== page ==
Saturday, May 28, 2011

Prompt #2

#5 “I just think it's important to be direct and honest with people about why you're photographing them and what you're doing. After all, you are taking some of their soul.” ~Mary Ellen Mark

     I think this quote is very true, as photography can be very personal. It can be personal expression of the person taking the pictures, but it can also be photographs of something very personal or private moments and strong emotions. So I think it is important to be honest with the people you are taking pictures of because what you are photographing can be a vulnerable aspect of someone. 

#6 In your opinion, when is it beneficial, ethical, or appropriate to digitally alter photographic portraits? When do you think it is inappropriate or ethically wrong?
     I think it is okay to digitally alter photographs to fix the lighting and other small things. I also think that it is okay to do so if it is part of your concept and it is made clear that the photograph has been digitally altered. I think it is wrong to digitally alter photographs when the person you are taking a picture of was not told that the photograph would be altered. I think this is very true in the media and tabloids. I always think that if something ever happened on earth, or as we look back historically, people will find the digitally altered pictures and think that is what was real. 

#7 Pay close attention to the types and number of photographic portraits you see in one day. Where did you see them? How do you think that the content of the portrait changes based on the context in which you see the image (news, facebook, magazine, advertisement, television, youtube, etc)? In other words, what is the difference between the portraits you see on facebook vs. those on the news? What is the difference between the “viewpoint” of the photographer in each situation? What is the difference between their “intents”?
   I saw a lot of interesting portraits today at the Grand Rapids Art Museum. Some of them were representational, some were more conceptual. I really enjoyed one that was a picture of flowers, and was titled "Family Portrait." I took this two ways. One, the flowers represented each member of the family, or two, as my boyfriend noted, they all could have been from the same family of seeds. Either way it was very interesting and thought provoking. In regards to portraits on facebook versus those in the news, I think they both are very candid. Media portrays celebrities at their best and their worst. The paparazzi captures them at private moments and when they are minding their own business. I think they both can be exploitive at times. However, I also think they are both ways that let us see the everyday lives and personal sides of people. Facebook more so, because most of the time people post their own pictures. What is seen in the news is not always true, so it cannot always be believed.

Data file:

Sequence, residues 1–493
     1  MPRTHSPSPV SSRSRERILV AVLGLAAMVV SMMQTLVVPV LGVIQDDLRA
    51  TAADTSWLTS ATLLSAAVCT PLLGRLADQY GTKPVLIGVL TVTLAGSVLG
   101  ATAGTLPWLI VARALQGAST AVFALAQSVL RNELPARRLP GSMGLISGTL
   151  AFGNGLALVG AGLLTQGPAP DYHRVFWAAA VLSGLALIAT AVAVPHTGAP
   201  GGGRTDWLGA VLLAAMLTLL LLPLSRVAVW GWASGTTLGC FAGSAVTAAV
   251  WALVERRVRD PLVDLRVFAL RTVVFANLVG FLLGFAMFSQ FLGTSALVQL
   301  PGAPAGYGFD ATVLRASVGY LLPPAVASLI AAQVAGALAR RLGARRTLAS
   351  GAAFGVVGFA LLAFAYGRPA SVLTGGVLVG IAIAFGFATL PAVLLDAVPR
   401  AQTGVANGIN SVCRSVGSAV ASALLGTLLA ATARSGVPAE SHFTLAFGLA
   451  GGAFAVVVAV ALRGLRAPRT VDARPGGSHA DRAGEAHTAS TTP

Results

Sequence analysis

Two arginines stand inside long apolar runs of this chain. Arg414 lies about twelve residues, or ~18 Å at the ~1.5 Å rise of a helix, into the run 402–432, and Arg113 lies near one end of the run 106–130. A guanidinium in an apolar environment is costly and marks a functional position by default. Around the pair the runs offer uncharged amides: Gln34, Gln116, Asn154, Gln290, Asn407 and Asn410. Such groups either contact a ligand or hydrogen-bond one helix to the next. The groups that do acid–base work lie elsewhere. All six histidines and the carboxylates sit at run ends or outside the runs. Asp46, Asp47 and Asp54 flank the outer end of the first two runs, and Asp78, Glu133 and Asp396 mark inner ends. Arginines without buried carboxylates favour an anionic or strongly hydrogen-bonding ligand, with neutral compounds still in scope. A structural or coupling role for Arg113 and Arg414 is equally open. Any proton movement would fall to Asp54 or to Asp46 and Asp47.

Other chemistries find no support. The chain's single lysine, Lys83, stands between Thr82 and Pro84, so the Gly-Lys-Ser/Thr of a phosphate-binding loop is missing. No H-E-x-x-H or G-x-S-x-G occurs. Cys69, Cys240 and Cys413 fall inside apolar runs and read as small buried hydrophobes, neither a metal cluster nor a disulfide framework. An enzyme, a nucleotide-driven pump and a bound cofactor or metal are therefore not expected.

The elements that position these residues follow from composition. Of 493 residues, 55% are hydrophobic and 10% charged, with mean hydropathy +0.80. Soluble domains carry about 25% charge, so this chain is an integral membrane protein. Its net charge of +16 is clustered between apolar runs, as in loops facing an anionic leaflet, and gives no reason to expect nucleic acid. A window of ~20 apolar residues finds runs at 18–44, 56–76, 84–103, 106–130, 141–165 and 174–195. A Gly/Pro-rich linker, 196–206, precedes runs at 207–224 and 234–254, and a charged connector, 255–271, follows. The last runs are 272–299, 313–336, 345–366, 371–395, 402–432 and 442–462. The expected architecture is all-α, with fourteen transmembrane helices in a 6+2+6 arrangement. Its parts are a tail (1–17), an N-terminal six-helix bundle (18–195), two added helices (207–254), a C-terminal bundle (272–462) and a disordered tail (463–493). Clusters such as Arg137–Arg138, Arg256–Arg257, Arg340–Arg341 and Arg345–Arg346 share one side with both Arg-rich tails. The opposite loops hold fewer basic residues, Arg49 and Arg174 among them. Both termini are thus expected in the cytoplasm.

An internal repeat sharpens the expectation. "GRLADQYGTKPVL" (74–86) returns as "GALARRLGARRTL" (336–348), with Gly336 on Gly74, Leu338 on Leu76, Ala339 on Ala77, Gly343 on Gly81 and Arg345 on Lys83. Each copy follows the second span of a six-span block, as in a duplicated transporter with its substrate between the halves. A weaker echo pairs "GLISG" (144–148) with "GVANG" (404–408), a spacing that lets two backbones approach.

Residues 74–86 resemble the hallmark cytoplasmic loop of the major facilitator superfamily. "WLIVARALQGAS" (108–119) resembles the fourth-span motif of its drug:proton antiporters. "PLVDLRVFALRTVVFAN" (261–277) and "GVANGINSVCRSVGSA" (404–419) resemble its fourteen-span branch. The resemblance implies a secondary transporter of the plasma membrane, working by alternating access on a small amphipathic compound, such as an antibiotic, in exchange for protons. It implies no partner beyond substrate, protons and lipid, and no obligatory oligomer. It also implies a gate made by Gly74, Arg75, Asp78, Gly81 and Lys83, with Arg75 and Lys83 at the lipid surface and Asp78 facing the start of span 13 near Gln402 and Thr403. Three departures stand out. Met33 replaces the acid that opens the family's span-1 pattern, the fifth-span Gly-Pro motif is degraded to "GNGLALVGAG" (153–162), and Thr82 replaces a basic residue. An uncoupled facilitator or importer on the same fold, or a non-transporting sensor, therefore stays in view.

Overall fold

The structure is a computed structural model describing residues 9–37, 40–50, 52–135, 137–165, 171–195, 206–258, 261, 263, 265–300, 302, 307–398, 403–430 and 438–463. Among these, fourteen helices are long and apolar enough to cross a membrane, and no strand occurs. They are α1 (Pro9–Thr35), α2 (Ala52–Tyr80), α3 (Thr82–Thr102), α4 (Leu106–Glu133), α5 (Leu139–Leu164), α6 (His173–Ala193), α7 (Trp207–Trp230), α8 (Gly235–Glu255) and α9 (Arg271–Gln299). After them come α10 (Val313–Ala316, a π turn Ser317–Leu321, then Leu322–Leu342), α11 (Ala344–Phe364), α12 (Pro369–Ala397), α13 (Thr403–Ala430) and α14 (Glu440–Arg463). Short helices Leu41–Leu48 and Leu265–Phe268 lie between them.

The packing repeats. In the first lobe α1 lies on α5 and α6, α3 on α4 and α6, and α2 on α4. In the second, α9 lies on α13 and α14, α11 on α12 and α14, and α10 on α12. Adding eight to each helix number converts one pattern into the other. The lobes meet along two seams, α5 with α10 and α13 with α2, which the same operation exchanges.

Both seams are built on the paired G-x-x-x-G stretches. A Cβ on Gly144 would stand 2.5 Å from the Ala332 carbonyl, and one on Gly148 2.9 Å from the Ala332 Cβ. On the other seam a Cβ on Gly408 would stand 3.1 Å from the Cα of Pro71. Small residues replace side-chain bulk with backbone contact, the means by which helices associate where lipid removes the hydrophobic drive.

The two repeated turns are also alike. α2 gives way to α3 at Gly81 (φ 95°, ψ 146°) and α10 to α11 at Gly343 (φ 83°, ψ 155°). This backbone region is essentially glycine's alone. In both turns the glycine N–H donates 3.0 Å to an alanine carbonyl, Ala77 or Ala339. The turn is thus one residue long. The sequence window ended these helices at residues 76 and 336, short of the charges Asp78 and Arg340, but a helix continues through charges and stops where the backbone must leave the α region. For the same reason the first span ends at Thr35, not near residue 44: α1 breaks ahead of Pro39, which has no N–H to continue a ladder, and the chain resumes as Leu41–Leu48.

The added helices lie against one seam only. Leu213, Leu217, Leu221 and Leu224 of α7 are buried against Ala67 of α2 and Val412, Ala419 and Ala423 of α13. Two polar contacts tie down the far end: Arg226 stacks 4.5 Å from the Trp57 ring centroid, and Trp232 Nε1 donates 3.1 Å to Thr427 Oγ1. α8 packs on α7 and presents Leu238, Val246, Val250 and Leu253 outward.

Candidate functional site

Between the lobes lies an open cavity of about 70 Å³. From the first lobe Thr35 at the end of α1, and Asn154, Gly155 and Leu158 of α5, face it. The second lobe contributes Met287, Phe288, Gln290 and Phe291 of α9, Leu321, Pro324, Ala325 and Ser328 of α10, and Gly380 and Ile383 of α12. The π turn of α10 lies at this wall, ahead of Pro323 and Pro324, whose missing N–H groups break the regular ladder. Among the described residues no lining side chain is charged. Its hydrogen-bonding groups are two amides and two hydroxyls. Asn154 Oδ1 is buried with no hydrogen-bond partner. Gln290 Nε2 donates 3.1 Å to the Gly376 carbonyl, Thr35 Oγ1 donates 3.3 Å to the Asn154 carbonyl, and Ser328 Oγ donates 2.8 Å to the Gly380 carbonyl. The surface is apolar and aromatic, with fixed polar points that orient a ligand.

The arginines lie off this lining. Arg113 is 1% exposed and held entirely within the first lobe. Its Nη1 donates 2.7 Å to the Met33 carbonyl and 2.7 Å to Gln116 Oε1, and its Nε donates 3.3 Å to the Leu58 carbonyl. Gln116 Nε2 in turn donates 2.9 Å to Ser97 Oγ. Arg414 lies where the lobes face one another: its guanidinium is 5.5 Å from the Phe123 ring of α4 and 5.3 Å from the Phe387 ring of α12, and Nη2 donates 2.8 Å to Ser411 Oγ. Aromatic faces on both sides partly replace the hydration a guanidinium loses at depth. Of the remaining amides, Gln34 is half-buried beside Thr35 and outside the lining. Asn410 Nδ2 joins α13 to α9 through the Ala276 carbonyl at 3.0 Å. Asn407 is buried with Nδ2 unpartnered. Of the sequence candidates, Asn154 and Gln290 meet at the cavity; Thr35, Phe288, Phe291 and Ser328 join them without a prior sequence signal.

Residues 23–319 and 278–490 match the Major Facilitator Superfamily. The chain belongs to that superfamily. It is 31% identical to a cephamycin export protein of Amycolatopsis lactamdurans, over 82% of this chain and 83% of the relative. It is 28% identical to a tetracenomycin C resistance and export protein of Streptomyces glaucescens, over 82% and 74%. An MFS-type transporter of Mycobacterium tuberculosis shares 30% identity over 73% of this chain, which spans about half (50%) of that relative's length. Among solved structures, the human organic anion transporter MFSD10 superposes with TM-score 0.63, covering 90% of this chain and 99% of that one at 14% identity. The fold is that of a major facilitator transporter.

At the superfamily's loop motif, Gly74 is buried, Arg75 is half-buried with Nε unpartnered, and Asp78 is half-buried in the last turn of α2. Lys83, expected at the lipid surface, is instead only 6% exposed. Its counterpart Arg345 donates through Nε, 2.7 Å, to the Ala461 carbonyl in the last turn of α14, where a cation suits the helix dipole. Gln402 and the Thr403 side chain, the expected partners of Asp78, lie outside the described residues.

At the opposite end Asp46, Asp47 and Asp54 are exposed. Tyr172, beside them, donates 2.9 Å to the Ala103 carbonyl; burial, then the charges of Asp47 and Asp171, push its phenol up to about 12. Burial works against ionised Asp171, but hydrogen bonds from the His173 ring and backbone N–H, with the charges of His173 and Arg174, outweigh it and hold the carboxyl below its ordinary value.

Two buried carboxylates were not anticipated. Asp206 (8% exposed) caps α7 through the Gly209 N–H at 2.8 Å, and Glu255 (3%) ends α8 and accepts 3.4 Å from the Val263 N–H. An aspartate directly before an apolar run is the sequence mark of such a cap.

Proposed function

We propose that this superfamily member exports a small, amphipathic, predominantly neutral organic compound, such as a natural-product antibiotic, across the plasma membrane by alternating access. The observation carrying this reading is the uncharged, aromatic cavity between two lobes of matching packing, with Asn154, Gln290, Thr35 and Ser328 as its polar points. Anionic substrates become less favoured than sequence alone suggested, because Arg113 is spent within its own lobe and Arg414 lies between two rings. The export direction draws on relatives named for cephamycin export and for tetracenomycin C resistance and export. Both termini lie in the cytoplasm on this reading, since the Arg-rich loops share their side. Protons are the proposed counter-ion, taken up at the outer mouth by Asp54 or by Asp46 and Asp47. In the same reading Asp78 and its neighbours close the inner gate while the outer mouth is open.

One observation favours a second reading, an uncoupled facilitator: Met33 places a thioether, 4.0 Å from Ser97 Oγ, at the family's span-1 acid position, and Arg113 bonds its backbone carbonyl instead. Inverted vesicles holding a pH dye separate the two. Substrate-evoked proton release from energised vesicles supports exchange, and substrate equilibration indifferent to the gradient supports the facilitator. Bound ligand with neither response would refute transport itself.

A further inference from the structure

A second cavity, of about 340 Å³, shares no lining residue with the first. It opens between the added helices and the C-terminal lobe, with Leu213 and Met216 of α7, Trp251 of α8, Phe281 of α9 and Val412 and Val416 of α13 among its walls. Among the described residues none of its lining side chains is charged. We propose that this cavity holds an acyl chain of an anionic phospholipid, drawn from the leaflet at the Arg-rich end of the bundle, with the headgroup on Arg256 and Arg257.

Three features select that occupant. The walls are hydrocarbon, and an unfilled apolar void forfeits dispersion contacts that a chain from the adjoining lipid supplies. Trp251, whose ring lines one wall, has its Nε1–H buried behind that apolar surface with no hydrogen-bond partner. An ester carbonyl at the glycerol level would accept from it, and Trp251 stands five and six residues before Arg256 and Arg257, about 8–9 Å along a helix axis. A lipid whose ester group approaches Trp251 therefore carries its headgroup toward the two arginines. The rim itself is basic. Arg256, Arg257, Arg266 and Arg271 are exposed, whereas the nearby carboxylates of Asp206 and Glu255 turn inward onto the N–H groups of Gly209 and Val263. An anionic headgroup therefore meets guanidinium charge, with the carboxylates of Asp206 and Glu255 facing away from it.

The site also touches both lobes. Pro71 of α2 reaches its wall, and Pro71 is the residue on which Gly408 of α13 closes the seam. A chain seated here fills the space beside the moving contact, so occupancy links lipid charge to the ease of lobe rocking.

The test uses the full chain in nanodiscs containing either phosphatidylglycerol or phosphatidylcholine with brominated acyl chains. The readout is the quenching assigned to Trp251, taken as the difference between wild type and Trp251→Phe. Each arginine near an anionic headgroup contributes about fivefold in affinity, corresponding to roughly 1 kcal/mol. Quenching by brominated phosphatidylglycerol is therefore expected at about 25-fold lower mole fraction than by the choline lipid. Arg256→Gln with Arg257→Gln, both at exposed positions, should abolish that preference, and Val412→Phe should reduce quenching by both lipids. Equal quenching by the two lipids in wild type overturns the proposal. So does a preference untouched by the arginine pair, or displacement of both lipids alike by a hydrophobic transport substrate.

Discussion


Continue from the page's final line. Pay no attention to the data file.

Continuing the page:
#8 “My portraits are more about me than they are about the people I photograph.” ~Richard Avedon.
   I like this quote because a lot of time when you look at a portrait, you think about what the person in the picture is thinking about or who they are.  But a lot of times, portraits are just as much about what the photographer is thinking about and envisioning, as they are about the individual or people.

#9 “You don't take a photograph, you make it.” ~Ansel Adams

   I also agree with this quote, because a lot goes into taking a photograph. Some photographs maybe do not require as much thought. But you are always thinking of composition, lighting, your subjects, concepts, etc. So, I think a lot of a finished photograph is constructed -- either in your mind or physically.

#10 “All photographs are there to remind us of what we forget. In this - as in other ways - they are the opposite of paintings. Paintings record what the painter remembers. Because each one of us forgets different things, a photo more than a painting may change its meaning according to who is looking at it.” ~John Berger

     This is true. Often when looking at photograph, it brings up certain memory associations, depending on the person who is looking at it. This is true for all visual art, I think. But for me it very true for photography, especially because you can connect with photography if it is of a moment in your life, a vacation, a place you have been. When looking at a photograph of a vacation, I might remember how great the weather was that week, while someone else might remember that we saw President Obama on our trip. This is what I like about photography, that it can mean different things to different people, and there is not necessarily a right meaning.

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